Nepal | April 21, 2019

Manpower agents end strike after 31-point deal with government

Ramesh Shrestha

KATHMANDU, July 26

Manpower agencies reopened their businesses on Sunday, putting an end to their protest against the free visa and ticket provision implemented for outbound workers. They agreed to resume work after sealing a 31-point deal with the government last night.

Many workers scheduled to leave for foreign employment were being held up in the Capital and sectors like airline companies and hotels had been affected due to the 18-day long protest. Manpower agencies agreed to send workers under the free visa and ticket provision after the government agreed to conduct a study whereby it would also explore how the new provision would benefit manpower agencies.

An 11-member team will conduct a study regarding the free visa and ticket provision by visiting the destination countries, according to Surya Prasad Shrestha, acting secretary of the Ministry of Labour and Employment. He had signed the 31-point deal on behalf of the government. “A joint secretary-level official from MoLE will coordinate the team and it has a mandate to complete the study within three months,” he added.

The deal was signed by Bimal Dhakal, president of Nepal Association of Foreign Employment Agencies and NAFEA General Secretary Rohan Gurung on behalf of manpower agencies.

Under the new provision, a worker can leave Nepal for working in seven major labour destinations — Malaysia, Qatar, Saudi Arabia, the United Arab Emirates, Kuwait, Bahrain and Oman — free of cost or a maximum expense of Rs 10,000 only in cases in which employers refuse to pay service charge to manpower agencies.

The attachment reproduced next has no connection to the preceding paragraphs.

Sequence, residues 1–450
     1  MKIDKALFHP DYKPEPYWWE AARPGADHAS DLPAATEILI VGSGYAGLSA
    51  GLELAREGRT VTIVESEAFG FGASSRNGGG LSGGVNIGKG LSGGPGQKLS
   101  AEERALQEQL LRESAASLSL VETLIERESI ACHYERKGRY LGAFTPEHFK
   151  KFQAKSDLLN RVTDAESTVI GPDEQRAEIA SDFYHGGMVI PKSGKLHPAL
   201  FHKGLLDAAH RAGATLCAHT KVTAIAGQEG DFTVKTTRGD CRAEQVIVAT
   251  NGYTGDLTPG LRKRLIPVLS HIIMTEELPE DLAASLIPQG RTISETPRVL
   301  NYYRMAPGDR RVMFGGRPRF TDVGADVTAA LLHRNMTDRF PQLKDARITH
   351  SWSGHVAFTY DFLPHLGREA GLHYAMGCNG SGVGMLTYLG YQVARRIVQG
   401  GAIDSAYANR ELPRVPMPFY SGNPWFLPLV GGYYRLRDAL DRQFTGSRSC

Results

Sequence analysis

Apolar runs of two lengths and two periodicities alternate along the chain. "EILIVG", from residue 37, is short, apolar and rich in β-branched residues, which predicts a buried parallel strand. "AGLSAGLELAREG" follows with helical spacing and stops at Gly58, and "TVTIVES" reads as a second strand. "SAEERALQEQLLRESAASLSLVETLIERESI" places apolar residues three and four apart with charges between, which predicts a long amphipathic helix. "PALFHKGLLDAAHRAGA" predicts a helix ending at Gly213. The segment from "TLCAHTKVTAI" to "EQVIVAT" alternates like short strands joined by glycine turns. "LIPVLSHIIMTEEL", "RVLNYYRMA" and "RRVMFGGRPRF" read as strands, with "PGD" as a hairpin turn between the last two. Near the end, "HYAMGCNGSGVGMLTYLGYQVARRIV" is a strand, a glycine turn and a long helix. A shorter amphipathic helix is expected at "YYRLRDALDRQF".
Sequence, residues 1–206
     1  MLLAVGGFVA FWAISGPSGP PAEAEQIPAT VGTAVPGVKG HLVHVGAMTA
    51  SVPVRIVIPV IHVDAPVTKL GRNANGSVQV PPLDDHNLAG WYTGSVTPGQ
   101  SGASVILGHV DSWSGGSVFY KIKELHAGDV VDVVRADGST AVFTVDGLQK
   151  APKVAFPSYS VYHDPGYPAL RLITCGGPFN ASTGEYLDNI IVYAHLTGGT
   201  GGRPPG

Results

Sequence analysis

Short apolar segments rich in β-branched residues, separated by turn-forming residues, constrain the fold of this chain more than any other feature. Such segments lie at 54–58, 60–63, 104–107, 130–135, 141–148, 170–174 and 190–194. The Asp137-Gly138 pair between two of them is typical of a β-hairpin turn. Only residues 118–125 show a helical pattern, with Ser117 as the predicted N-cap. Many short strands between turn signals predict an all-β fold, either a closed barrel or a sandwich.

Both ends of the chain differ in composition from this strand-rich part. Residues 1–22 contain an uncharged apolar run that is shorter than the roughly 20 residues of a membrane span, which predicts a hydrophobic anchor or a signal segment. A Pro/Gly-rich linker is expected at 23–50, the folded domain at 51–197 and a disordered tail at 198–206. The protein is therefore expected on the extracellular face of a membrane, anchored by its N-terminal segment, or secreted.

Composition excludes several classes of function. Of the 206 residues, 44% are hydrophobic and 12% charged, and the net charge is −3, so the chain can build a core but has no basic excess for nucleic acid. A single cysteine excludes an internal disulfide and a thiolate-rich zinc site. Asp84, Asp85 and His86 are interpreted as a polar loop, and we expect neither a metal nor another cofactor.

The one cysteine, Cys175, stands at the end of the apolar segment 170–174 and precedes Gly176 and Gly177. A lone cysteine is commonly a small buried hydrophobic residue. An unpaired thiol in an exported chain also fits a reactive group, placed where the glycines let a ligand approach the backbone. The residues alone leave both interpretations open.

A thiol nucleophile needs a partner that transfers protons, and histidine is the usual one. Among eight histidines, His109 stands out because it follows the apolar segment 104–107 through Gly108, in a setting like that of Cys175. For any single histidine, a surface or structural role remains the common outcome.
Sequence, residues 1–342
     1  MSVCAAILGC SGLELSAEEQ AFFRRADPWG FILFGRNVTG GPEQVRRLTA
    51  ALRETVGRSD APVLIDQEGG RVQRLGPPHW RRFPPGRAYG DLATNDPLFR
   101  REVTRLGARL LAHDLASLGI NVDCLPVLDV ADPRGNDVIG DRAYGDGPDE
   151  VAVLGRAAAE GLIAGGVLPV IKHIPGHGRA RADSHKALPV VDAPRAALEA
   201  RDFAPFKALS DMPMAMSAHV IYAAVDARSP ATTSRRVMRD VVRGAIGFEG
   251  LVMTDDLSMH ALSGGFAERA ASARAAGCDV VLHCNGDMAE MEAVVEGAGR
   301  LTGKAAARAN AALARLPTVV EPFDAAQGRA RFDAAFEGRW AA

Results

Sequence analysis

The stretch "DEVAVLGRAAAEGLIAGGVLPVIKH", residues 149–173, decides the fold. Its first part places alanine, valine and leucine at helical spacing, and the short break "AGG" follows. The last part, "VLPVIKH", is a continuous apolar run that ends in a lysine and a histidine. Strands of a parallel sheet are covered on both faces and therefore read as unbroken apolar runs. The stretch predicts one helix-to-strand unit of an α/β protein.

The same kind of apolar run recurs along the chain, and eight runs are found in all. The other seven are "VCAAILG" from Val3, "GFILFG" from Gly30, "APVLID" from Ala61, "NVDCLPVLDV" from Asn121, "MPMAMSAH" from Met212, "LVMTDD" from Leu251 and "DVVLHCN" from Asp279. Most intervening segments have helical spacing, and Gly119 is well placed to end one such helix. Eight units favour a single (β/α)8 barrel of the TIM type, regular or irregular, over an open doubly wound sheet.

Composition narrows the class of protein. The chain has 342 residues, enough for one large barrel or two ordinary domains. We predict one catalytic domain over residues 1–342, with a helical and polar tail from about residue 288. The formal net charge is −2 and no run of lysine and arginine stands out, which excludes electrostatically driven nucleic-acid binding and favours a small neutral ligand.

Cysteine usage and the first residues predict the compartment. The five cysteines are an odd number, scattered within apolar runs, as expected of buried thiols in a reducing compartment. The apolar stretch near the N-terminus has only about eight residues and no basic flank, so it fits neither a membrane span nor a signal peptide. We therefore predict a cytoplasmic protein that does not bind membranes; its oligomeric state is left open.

The 11-member committee will also recommend whether or not manpower agencies need more than Rs 10,000 service fee based on the study. Earlier, the government had fixed a maximum of Rs 80,000 for Malaysia and Rs 70,000 for Gulf nations but many agencies were charging more than the government set rate.

“We will also conduct monitoring and action will be taken against agencies charging more than Rs 10,000,” said Shrestha.

The new free visa and ticket provision, which came into effect on July 6, holds agencies responsible for sending workers only to employers of the seven nations that bear the cost of visa and air ticket of the workers they want to hire. This is expected to cut the demand being sent to Nepal by destination countries. However, only those companies that are capable of funding visa and air ticket will be able to hire workers.

“We have reopened our business and it will take at least two months to bring demands and send workers under the new provision,” said Pragyan Neupane, president of Nepal Democratic Foreign Employment Entrepreneurs Forum. According to him, Nepal has already been receiving a demand of around 50,000 workers annually who are entitled for free visa and ticket facility.

He said the new provision might reduce the demand for Nepali workers, leading to unemployment situation after the festival season.

Pact highlights

• An 11-member team to be formed for promotion of free visa and ticket provision
• Guideline for monitoring manpower agencies to be formulated
• Possibility of increasing minimum service fee of Rs 10,000 to be explored
• Government to allow foreign employment for short-term contract of six months
• Foreign Employment Act to be amended
• Orientation training by Department of Foreign Employment
• Diplomatic lobbying to scrap operation of VLN Nepal
• Biometric health check-up to be implemented only if all concerns of Nepal addressed


A version of this article appears in print on July 27, 2015 of The Himalayan Times.


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